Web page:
The Samsung Service Centre uses the approach to deliver quality after-sales service by having a specialized technician, rapid delivery mechanism, no service charge during warranty period and home delivery services.
The Samsung Tanzania Service Manager, Mr Mubarak Mikidad, stressed on how Samsung made registration on the ewarranty platform very easy and convenient. "Currently customers can register using their mobile phones irrespective of their mobile service providers.
Customers are therefore urged to continue registering their phones on the e-warranty platform by sending the phone's 15 digit IMEI number to the short code 15685 across all networks.
The IMEI number can be found on the phone's packaging or by dialing *#06#, it can also be seen in the empty battery slot on a white label noting IMEI," he explained.
Last year the confirmation by Samsung Electronics East Africa chief operating officer Robert Ngeru effectively meant that customers buying genuine Samsung products from the authorised dealers would continue enjoying their peace of mind.
Dubbed the Samsung Smart Care, customers buying original Samsung products can easily activate their 2-Year warranty using an electronic activation system for all hand held devices.
The warranty, already rolled out via Samsung Uganda's EWarranty platform also allows registered handset owners to win a range of attractive prizes in monthly draws. In addition, local customers purchasing the Samsung Galaxy S4 are also enjoying the unique Accidental Damage from Handling (ADH) warranty, covering two screen damages or two liquid damages or a screen and liquid damage within the 2 years warranty period.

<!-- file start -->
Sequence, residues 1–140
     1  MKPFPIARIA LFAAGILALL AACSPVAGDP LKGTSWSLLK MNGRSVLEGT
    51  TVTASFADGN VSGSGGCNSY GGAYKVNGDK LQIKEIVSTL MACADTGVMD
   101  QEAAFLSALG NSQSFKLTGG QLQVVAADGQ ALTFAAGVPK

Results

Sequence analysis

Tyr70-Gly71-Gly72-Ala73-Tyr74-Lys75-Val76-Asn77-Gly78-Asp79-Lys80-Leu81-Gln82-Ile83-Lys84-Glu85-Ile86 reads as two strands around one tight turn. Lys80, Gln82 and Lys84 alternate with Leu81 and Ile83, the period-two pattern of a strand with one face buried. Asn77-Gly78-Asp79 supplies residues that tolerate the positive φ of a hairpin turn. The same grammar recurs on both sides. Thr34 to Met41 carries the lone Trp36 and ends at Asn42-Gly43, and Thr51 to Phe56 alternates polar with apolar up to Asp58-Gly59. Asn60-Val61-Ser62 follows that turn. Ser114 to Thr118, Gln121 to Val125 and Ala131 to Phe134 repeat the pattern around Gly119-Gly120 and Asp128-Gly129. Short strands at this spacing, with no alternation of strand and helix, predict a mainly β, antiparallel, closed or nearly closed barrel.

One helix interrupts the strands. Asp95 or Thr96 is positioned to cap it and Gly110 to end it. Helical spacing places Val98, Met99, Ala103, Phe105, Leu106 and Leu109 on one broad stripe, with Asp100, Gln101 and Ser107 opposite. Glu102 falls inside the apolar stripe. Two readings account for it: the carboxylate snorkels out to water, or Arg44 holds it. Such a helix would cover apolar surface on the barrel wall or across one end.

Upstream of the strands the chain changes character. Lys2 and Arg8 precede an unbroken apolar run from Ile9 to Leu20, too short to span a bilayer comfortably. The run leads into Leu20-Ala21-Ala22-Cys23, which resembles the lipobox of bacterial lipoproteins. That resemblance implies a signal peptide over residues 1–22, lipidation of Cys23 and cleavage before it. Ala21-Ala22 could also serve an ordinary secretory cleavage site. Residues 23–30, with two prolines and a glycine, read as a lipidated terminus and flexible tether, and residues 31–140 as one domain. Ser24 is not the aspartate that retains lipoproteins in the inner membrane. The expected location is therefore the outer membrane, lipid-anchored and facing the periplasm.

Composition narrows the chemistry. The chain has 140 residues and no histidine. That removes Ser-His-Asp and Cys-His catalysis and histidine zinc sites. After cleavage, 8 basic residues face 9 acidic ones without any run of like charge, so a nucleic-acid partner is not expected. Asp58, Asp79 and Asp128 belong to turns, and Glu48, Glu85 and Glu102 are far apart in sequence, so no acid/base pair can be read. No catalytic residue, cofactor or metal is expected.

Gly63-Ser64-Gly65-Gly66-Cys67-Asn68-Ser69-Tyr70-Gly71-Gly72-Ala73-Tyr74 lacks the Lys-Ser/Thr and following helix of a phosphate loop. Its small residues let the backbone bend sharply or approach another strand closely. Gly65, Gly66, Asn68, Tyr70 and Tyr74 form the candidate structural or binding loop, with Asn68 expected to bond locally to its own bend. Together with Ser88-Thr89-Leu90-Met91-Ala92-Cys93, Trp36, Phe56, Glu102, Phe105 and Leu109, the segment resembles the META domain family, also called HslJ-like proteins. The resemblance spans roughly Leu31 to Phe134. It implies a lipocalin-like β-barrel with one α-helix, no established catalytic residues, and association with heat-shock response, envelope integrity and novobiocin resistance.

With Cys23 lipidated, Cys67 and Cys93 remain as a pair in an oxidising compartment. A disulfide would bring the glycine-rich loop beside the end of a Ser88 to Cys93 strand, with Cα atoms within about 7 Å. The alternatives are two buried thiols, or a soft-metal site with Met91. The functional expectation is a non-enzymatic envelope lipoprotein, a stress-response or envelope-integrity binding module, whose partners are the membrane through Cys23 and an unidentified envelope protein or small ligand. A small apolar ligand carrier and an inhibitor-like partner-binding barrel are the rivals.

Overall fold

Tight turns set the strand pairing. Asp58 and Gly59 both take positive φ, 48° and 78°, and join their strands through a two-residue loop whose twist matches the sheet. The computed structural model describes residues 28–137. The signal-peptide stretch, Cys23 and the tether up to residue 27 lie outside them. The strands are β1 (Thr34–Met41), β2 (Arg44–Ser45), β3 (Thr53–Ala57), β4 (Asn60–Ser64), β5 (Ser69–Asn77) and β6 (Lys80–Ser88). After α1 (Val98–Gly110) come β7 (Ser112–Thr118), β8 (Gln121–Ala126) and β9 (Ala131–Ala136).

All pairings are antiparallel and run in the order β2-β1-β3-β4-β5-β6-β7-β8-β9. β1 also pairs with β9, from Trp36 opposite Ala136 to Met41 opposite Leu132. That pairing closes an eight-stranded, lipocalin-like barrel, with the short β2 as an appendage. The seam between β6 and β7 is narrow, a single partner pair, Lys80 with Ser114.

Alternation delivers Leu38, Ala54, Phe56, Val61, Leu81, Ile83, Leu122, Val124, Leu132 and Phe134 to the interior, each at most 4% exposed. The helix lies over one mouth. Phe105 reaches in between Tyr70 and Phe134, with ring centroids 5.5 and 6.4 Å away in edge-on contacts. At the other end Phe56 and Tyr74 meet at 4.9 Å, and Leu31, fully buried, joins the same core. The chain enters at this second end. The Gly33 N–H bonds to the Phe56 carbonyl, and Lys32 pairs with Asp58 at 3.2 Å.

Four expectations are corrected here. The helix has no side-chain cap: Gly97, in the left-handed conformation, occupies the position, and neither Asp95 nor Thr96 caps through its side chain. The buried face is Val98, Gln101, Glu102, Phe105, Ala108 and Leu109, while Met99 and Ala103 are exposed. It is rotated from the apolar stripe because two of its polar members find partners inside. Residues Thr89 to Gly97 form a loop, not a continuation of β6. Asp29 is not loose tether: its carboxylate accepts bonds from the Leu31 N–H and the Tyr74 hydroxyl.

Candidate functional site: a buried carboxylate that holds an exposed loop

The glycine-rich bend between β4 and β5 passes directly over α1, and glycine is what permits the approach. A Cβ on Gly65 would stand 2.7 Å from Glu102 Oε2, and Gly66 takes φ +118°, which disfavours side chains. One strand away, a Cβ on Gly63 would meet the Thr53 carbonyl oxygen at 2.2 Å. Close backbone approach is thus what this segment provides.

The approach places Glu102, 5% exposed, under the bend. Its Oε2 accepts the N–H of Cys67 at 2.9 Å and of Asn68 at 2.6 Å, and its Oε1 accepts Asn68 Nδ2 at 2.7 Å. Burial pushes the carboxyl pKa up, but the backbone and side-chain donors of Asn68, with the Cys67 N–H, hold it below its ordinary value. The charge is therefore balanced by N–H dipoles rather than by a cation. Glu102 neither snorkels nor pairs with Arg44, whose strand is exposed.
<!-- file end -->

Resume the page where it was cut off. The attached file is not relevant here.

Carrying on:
The ADH warranty is activated only when the consumer registers their phone via E-warranty. As the market leader in East Africa, Samsung Electronics is pursuing an active customer service enhancement programme which also focuses on raising the quality of its after sales support capacity.
With a two-year warranty, Samsung has further managed to raise its value proposition for its customers who enjoy better value for money. In a market suffering from an influx of Counterfeit and Gray products that don't carry any warranty, Samsung customers will enjoy the value of a two-year Warranty backed by a dedicated service support system.
According to the Electronics Purchasing Strategies website, black -market sales of counterfeit and substandard cellphones are a US$6 billion a year problem, a new in-depth report into the global counterfeit phone problem has found.
The Mobile Manufacturers Forum (MMF's) report is the most comprehensive analysis of counterfeit and substandard cell phones in the world to date and involves months of analysis by the world's major cellphone brands.
"Research estimates sales of around 148 million counterfeit or substandard cellphones in 2013 through visible retail sites, with many more expected via unofficial retail outlets, online auction websites and local black markets," MMF Secretary General Michael Milligan said.
In India alone counterfeits make up more than 20 per cent of the cellphone market, causing US$1.5 billion annually in lost sales, $85 million direct tax losses and $460 million indirect tax losses.
"Counterfeit phones are made with cheap sub-standard materials and have been shown to contain dangerous levels of metals and chemicals like Lead," Mr Milligan said.
People often unknowingly purchase fake cellphone products on the internet when trying to find a cheaper price. The website http://www.spotafakephone. com helps identify and avoid potentially dangerous fake cellphones, batteries and chargers.